Red Sox Rumsfeld

Sep 6, 2006 7:06pm

ABC News’ Senate producer Z. Byron Wolf writes the following:

The debate on the Senate floor over whether Donald Rumsfeld is a fit Secretary of Defense took a weird turn this afternoon when the question turned from Iraq and Afghanistan to who can draw a more erudite Red Sox analogy. There are those out there, I’m sure, who can make a better determination than I as to the sports facts of this quarrel. So here they are:

Republican Judd Gregg of New Hampshire took the floor just after Democratic Senator John Kerry of Massachussetts and said the senator "sort of makes you think that if he were giving a discussion about the Red Sox he would have said that he wouldn’t have put Bill Buckner at first, he wouldn’t have pitched to Bucky Dent, and I definitely wouldn’t have traded Babe Ruth.* I mean the concept that you come to the floor and pick out a series of events as unique items which flowed within the context of a major effort to confront the terrorist threat in this nation, confronting this nation, is truly — well, he uses the term hubris and mismanagement. I would say it is a bit of hubris, to take that position on this floor."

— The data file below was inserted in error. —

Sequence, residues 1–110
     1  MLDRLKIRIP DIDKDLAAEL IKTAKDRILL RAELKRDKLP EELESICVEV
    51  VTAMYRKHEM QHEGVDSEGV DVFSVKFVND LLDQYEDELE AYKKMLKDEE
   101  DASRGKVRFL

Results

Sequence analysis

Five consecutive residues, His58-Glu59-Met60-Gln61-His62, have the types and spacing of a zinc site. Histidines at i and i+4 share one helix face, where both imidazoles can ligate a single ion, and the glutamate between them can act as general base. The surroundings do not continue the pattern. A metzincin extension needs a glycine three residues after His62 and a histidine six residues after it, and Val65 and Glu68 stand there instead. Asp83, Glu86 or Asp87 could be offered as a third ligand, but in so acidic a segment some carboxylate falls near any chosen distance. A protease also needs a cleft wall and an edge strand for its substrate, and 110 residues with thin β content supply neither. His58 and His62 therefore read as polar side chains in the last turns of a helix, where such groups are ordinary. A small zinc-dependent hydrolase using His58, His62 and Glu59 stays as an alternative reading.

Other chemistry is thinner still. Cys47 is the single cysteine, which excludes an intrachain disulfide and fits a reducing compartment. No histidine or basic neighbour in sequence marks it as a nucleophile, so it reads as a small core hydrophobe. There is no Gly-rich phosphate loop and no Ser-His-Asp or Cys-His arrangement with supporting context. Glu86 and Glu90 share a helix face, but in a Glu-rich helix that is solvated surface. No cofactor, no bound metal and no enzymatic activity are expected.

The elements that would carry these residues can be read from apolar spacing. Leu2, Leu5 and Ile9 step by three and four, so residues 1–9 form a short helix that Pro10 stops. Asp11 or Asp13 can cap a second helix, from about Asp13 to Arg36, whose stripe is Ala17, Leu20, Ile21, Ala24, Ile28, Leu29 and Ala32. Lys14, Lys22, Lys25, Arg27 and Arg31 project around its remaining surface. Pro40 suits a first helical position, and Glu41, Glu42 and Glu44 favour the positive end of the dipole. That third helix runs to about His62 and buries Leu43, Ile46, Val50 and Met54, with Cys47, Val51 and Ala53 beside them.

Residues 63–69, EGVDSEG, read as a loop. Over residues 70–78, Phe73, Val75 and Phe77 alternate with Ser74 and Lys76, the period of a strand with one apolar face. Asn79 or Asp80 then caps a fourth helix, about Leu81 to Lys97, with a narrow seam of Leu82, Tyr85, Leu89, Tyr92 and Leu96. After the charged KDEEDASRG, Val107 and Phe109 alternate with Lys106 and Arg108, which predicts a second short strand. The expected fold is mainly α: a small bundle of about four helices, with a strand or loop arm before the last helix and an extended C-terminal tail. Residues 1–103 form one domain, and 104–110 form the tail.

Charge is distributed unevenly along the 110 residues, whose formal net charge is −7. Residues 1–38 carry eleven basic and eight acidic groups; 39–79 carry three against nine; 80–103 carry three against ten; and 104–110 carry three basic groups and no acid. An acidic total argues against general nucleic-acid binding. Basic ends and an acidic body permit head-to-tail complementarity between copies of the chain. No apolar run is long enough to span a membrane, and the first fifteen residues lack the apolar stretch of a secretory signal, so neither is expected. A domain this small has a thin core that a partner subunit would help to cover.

This drew the ire of Kerry’s spokesman David Wade, who challenged Gregg’s assertions, saying:

"New Hampshire’s own Carlton Fisk must’ve felt his blood pressure soar hearing Sen. Gregg mangle Red Sox lore on the floor of the Senate. Bottom line: when it comes to doing the job as Secretary of Defense, Donald Rumsfeld is Bill Buckner, Mike Torrez, and Harry Frazee rolled into one. There are two differences. In Red Sox Nation, Grady Little lost his job when he kept Pedro Martinez in the game too long against the Yankees in the ALCS. Don Rumsfeld is still on the job. In Red Sox Nation, when the team breaks our heart, we just have to wait till next year. If only Don Rumsfeld’s mistakes were so easily fixed and forgotten. There’s no ‘waiting for next year’ in Iraq. The moment of accountability is now."


* For the baseball trivia-challenged, ABC News’ Dick Wilde, also a Sox fan, explains that "Bill Buckner was a poor-fielding first baseman who cost the Red Sox the ’86 World Series by allowing Mookie Wilson’s dribbler to pass through his legs; Bucky Dent of the Yankees ended the Red Sox season with a solo home run in a one-game American league East playoff to end 1978, and Red Sox owner Harry Frazee insitigated the 84-year ‘Curse of the Bambino’ by selling Babe Ruth to the Yankees to finance his Broadway musical ‘No No Nannette.’"

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